The Second Circuit’s Approach to Express Preemption of Contract Claims

The Second Circuit first adopted the minority approach in its 2019 decision in Universal Instruments Corp. v. Micro Systems Engineering Inc. In that matter, the Second Circuit affirmed the district court’s dismissal of the plaintiff-licensor’s breach of contract claims alleging that the defendant’s modification of the plaintiff’s source code exceeded the scope of the license granted by the plaintiff to the defendant. The fact that the plaintiff and defendant were in contractual privity was held to do “nothing to change the fact that vindication of an exclusive right under the Copyright Act [i.e., preparation of derivative works] is preempted by the Copyright Act.”

Last year, the Second Circuit again applied the minority approach in its unpublished opinion in ML Genius Holdings LLC v. Google LLC. In this matter, the Second Circuit affirmed a district court’s dismissal of a plaintiff-licensor’s breach of contract claims on express preemption grounds. The plaintiff had sought to enforce restrictions in its terms of service against accessing “the Genius website to copy, modify, sell and/or distribute content appearing on Genius’s website.” The Second Circuit, however, held that “the right [the plaintiff] seeks to protect is coextensive with an exclusive right already safeguarded by the Act—namely, control over reproduction and derivative use of copyrighted material.” Earlier this year, the U.S. Supreme Court declined to hear the appeal of this decision.

These opinions make clear that, although some contract claims concerning copyrighted materials can survive a preemption analysis (e.g., promises to pay for uses of copyrighted works), the Second Circuit nonetheless takes “a restrictive view of what extra elements transform an otherwise equivalent claim into one that is qualitatively different from a copyright infringement claim” and that a wholistic evaluation of claims is required to determine whether or not a claim is preempted.

Implications of the Second Circuit’s Approach

The Second Circuit is one of the nation’s most important copyright courts given its jurisdiction over New York’s publishing, television, movie, music, advertising, and theater industries, and it is not yet known how wide the impact will be from its recent decisions on express preemption. Within the Second Circuit, the effect of these recent decisions can be seen in district court opinions such as the one issued in IBM Corporation v. Micro Focus, which held that a prohibition on reverse engineering in a software license was preempted by the Copyright Act.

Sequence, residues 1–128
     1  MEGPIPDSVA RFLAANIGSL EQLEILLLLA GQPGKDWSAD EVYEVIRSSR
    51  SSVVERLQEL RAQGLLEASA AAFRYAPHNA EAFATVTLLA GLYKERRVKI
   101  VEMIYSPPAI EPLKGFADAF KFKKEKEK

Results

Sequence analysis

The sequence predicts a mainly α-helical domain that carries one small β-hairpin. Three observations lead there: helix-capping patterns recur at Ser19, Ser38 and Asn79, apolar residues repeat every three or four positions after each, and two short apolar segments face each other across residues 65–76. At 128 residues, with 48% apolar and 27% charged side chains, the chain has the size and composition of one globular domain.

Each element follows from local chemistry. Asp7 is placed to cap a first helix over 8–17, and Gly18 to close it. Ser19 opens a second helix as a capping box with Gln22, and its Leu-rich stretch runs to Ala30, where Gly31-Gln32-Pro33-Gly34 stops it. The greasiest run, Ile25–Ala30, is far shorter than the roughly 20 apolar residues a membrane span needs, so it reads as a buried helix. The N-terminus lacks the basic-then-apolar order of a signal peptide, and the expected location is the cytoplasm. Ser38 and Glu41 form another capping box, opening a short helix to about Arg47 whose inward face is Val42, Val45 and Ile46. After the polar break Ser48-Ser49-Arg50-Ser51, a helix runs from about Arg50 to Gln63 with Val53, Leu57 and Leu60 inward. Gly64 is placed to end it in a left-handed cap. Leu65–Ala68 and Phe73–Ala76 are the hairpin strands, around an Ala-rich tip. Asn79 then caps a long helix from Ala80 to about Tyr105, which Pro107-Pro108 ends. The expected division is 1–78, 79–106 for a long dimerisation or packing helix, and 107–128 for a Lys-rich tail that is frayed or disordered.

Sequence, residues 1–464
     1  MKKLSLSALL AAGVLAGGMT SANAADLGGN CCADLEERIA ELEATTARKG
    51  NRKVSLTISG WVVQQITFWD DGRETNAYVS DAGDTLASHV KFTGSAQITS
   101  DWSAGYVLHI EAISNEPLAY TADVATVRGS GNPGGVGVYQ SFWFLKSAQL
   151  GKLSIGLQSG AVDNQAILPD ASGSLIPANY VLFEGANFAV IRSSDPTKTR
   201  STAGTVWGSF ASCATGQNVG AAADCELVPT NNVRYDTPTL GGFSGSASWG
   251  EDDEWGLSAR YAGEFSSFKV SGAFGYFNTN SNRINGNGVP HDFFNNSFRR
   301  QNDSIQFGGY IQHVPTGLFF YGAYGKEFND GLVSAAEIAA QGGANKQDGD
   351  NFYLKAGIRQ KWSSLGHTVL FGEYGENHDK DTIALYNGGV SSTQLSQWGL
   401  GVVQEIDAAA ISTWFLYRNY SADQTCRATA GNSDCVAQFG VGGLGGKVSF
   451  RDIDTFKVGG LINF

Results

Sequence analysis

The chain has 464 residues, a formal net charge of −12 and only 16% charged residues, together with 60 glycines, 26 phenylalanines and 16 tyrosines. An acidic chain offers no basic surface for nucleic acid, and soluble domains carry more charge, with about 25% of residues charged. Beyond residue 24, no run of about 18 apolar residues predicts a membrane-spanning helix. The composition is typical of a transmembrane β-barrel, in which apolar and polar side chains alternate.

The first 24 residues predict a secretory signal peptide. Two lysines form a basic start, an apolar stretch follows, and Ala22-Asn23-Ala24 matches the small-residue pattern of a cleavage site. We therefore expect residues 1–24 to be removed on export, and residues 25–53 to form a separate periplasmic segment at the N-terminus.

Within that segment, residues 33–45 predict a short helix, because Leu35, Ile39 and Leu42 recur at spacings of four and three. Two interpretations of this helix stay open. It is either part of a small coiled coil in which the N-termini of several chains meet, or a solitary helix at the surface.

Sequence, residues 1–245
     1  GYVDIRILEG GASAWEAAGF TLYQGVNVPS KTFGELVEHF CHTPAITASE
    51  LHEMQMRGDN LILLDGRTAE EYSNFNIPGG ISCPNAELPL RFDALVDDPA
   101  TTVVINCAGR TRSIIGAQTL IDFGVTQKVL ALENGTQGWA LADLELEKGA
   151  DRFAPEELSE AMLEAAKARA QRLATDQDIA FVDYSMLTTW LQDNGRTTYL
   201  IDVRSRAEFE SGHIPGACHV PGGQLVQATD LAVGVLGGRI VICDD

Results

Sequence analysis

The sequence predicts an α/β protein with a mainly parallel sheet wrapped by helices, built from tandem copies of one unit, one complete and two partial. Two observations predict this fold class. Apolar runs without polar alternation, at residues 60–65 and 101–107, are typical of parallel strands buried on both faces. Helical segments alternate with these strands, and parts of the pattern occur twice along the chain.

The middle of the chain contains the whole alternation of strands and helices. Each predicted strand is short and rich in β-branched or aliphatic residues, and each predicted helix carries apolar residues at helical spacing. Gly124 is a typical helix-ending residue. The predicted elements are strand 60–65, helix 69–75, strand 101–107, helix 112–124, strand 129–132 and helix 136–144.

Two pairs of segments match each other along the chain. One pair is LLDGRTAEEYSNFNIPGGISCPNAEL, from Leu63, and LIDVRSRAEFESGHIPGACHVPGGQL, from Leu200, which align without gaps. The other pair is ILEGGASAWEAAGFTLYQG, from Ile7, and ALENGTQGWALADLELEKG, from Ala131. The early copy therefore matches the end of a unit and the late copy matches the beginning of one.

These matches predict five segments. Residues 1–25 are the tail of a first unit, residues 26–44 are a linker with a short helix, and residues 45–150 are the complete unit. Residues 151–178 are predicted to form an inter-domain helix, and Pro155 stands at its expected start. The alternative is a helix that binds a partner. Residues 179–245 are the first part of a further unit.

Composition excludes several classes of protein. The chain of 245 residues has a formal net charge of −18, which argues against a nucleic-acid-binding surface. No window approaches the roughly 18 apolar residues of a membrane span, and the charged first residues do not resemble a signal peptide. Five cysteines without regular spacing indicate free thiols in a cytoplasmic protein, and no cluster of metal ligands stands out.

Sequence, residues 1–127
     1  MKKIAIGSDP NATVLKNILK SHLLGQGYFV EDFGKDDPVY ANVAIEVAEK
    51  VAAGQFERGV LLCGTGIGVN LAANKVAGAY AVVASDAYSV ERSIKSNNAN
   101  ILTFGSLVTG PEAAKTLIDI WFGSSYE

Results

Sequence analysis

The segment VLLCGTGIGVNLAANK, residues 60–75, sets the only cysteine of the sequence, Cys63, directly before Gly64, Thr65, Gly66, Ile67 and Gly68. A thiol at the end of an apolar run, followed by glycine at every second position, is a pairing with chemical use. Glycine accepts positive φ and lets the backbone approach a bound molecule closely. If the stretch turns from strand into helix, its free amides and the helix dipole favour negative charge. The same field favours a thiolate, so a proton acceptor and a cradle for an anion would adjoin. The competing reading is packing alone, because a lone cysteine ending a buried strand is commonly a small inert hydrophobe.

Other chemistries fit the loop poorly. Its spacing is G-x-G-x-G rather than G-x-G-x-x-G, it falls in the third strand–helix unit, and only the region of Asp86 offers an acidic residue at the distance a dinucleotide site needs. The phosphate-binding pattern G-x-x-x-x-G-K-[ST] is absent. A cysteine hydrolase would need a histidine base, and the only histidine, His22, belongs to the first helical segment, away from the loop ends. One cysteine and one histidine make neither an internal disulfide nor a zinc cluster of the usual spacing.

In jurisdictions that follow the Second Circuit’s more restrictive approach, plaintiffs may be limited to bringing copyright infringement claims when the scope of license terms or other contractual restrictions on the use of works has been exceeded. Plaintiffs who do not own or control the copyright interest in the licensed work, however, will not be able to bring such claims and may be left without an enforcement mechanism under traditional contracting approaches. This could leave the operators of sites that host user-generated content, such as social media sites and online marketplaces, in a weaker position to bringing legal actions against web scrapers. This may likewise leave AI tool providers without a means of enforcing their contractual restrictions on how generated outputs may be used. As in ML Genius Holdings, such site operators and AI tool providers may find their online terms of service claims preempted while at the same time being unable to bring copyright infringement claims because they do not own or have an exclusive license to the content at issue. Accordingly, website operators seeking to protect user-generated content from unauthorized scraping, and AI tool providers seeking to protect AI-generated content from unauthorized uses, may want to evaluate the choice of law and venue terms in their respective online terms and perhaps explore alternative legal frameworks and strategies for protecting such content.

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Photo of John Delaney John Delaney

John Delaney advises clients ranging from startups to Fortune 500 companies on licensing, intellectual property and technology-related matters. John routinely assists clients on matters relating to social media, mobile apps, cloud computing, AI, big data analytics, smart contracts, blockchain, AR, VR, and other…

John Delaney advises clients ranging from startups to Fortune 500 companies on licensing, intellectual property and technology-related matters. John routinely assists clients on matters relating to social media, mobile apps, cloud computing, AI, big data analytics, smart contracts, blockchain, AR, VR, and other emerging technologies. John’s experience also includes negotiating music and other media deals, software and content development agreements and licenses, complex outsourcing arrangements, joint ventures, and similar transactions.

Photo of Sean West Sean West

Sean West counsels clients on issues related to intellectual property, commercial transactions, privacy, ecommerce, the Internet of Things (IoT), artificial intelligence, and consumer protection.